I think about this in connection to our marriages. Here are just a few thoughts to consider:

  • Genesis 17 begins with God’s call to Abraham to walk before Him and be blameless (Genesis 17:1). The chapter concludes with a 99-year old man being circumcised in the flesh of his foreskins, along with all his household. If I want God to bless my marriage like God blessed Abraham and Sarah, then I must walk before the Lord and be blameless. We as husbands must commit to doing whatever God tells us to do, whatever is required, however difficult it may be.
  • God blessed Sarah. Men, are we praying for God to bless our wives? God reassured Abraham that He deeply cared for Sarah and was going to bless her richly. God called her princess. Think about that husbands. Do you and I view our wives as that princess whom God deeply loves?
  • The Lord can resurrect what is dead. He is the God of the impossible. In Romans 4:26-25 we learn a lesson in faith from Abraham and Sarah. God brings to life what was dead! If God can make an old man and old woman past the age of childbearing to have a baby, and if God can bring a man (Jesus) who was in the grave 3 days back to life, when what can God do for us today? Can God resurrect a dead marriage? With God’s help we can revive and rebuild what we and others around us may count as impossible!
  • God can make you laugh. Finally, just a thought to consider that God wanted this baby to be named Isaac. Whenever they cuddled that baby or called that son to dinner, they said “laughter.” Remember that the “joy of the Lord is your strength” (Nehemiah 8:10). When God makes you rejoice, there is no one who can take away your joy (John 16:22).

The Lord is able to give you much more than this

Then Amaziah assembled the men of Judah and set them by fathers’ houses under commanders of thousands and of hundreds for all Judah and Benjamin. He mustered those twenty years old and upward, and found that they were 300,000 choice men, fit for war, able to handle spear and shield. He hired also 100,000 mighty men of valor from Israel for 100 talents of silver. But a man of God came to him and said, “O king, do not let the army of Israel go with you, for the LORD is not with Israel, with all these Ephraimites. But go, act, be strong for the battle. Why should you suppose that God will cast you down before the enemy? For God has power to help or to cast down.” And Amaziah said to the man of God, “But what shall we do about the hundred talents that I have given to the army of Israel?” The man of God answered, “The LORD is able to give you much more than this.” Then Amaziah discharged the army that had come to him from Ephraim to go home again. And they became very angry with Judah and returned home in fierce anger.
(2 Chronicles 25:5-10)

King Amaziah is said by the Scripture to have done “what was right in the sight of the Lord, but not with a loyal heart” (2 Chronicles 25:2).

As we see in the above passage, Amaziah tried to hire 100,000 soldiers from their evil neighbors to the north, the nation of Israel. God sent a prophet (a man of God) to tell him, “Don’t do that!”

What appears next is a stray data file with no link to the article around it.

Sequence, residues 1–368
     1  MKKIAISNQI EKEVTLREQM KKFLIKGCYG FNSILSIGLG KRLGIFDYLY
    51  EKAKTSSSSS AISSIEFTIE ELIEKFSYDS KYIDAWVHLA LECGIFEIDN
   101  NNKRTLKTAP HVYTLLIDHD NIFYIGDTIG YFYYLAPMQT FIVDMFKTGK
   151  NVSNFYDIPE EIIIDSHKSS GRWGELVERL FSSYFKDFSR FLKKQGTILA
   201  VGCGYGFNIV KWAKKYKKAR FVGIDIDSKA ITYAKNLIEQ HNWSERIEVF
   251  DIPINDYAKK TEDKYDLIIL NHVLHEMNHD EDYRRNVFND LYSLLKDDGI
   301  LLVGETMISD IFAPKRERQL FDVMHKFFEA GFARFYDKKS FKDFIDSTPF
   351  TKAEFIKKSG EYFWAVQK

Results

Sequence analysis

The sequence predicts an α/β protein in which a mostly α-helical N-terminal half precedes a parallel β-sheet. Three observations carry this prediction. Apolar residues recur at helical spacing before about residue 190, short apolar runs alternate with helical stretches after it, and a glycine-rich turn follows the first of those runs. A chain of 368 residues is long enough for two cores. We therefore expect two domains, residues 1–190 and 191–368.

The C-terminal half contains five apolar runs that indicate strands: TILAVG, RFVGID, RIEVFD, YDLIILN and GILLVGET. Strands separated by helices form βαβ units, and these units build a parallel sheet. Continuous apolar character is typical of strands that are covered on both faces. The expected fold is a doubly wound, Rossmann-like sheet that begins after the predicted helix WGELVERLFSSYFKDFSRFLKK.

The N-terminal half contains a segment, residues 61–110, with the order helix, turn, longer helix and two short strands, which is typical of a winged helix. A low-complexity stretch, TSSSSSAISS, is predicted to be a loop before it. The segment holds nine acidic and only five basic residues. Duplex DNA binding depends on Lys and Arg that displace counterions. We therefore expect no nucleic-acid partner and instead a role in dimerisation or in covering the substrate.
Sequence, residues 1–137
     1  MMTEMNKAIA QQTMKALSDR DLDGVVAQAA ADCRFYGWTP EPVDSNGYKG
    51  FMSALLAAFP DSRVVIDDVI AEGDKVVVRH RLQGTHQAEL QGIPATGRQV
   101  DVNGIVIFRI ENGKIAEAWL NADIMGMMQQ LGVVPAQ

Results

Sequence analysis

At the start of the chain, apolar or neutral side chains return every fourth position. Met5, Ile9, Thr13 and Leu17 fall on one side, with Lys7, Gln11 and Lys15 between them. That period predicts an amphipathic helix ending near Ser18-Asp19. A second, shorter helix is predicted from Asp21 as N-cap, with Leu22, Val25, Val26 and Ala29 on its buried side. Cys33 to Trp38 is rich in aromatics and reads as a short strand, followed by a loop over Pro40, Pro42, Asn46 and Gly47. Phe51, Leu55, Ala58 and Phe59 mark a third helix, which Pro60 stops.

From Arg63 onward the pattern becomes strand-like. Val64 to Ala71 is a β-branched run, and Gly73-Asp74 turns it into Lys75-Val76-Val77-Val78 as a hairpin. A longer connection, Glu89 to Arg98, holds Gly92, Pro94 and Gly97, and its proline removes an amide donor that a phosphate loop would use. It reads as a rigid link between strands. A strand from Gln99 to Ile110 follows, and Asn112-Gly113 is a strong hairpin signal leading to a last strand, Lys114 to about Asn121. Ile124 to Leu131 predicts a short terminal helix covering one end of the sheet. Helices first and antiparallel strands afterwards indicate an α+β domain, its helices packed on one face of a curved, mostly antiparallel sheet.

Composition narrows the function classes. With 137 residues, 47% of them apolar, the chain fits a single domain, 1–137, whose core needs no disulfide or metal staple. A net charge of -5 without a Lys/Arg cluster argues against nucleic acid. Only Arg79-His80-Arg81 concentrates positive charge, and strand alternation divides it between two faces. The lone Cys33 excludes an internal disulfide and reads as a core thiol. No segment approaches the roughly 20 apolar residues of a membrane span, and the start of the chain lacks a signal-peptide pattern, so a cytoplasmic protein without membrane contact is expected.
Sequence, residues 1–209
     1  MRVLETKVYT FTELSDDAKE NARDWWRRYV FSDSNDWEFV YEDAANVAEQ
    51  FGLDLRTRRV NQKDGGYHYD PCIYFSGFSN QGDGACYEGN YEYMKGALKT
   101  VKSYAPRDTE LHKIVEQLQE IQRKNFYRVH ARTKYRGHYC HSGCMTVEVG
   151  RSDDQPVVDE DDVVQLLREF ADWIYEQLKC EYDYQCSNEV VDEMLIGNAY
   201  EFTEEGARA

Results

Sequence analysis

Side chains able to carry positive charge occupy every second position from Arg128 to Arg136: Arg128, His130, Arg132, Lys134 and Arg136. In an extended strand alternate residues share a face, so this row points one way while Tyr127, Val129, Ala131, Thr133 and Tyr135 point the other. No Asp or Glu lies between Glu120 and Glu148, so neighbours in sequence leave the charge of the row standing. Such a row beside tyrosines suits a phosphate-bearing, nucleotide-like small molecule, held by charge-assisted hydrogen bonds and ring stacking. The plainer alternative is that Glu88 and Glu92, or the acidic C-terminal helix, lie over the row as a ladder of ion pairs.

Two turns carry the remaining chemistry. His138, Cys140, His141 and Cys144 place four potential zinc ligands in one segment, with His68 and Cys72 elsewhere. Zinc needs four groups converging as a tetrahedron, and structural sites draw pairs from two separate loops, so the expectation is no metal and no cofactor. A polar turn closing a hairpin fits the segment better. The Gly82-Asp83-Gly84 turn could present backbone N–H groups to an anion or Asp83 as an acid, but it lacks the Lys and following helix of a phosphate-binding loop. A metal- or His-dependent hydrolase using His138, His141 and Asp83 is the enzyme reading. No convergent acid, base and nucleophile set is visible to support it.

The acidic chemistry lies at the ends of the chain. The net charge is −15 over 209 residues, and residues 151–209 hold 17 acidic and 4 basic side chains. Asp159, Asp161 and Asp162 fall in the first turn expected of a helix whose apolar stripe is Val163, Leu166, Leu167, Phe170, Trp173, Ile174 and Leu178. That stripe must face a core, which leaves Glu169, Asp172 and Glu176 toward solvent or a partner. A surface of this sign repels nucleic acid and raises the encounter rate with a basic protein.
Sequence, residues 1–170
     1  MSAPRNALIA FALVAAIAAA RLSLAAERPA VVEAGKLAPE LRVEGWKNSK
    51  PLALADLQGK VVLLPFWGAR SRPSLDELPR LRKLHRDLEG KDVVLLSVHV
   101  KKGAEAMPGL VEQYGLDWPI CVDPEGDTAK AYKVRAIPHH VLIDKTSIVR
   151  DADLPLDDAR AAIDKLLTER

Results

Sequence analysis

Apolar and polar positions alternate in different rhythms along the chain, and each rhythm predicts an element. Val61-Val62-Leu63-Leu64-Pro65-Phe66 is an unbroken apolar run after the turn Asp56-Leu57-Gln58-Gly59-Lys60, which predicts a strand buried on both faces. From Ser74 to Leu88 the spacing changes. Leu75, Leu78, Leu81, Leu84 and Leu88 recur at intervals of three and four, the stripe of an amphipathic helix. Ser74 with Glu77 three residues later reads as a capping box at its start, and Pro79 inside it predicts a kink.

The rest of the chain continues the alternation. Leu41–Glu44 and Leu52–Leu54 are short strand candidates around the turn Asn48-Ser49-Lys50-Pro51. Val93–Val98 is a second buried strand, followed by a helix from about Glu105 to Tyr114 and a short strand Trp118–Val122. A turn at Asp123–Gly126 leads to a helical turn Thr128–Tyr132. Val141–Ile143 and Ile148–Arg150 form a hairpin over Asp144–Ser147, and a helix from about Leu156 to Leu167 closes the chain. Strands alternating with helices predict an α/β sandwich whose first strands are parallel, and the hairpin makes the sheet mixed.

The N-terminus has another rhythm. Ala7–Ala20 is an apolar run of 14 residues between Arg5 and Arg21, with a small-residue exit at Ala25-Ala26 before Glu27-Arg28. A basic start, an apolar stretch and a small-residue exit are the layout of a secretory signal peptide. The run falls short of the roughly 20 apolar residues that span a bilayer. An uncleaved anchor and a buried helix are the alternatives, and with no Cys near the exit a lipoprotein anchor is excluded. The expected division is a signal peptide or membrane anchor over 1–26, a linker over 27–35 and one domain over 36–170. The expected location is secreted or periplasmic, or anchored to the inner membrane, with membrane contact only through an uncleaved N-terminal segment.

An interesting exchange happened between King Amaziah and the man of God. The King asked, “But what about the money I’ve just invested?” What is the response of God through the prophet?

“The Lord is able to give you much more than this!”

What a powerful statement. Amaziah was concerned about money and what he would lose. God is concerned with obedience and trust in His provision.

King Amaziah had invested cash in soldiers from a wicked nation. Clearly he had not asked God’s advice on this prior to taking this action. So, now he has a choice, doesn’t he?

Do I follow my current course because I do not want to lose out on my investment? What will happen when I tell those Israelite soldiers to go back home? Will they get angry?

Or do I trust that if I follow God, He will more than provide for anything I have lost in investing in the ways of sin?

This is not to say that if we walk away from our sinful path that God is going to send piles of cash and prosperity our way as a reward. But He has certainly promised to provide for us abundantly if we forsake the ways of the world to follow Him. That provision most likely will have little to do with material wealth, but God’s provision (in whatever form that takes) is of infinitely better value than any temporary payoff here on earth (Hebrews 11:24-26).

So, what happens if:

  • We as a congregation have invested lots of time, money and energy into a program, course of action, or “ministry” that we later find out through study has no Biblical authority? Walk away from it, “The Lord is able to give you much more than this!”
  • We as individuals have devoted our lives and resources into a pathway that has taken us away from God? What about the things we will lose when we walk away? “The Lord is able to give you much more than this!”

Then Peter said, “See, we have left all and followed You.” So He said to them, “Assuredly, I say to you, there is no one who has left house or parents or brothers or wife or children, for the sake of the kingdom of God, who shall not receive many times more in this present time, and in the age to come eternal life.”
(Luke 18:28-30)

Rend Your Heart and Not Your Garments

“Yet even now,” declares the LORD, “Return to Me with all your heart, and with fasting, weeping and mourning; and rend your heart and not your garments.” Now return to the LORD your God, for He is gracious and compassionate, slow to anger, abounding in lovingkindness and relenting of evil.
(Joel 2:12-13)

The book of Joel begins with the discussion of a devastating locust plague sent by God as a destroying army to punish His people and to bring them to repentance. Those were dark days, literally (Joel 2:2).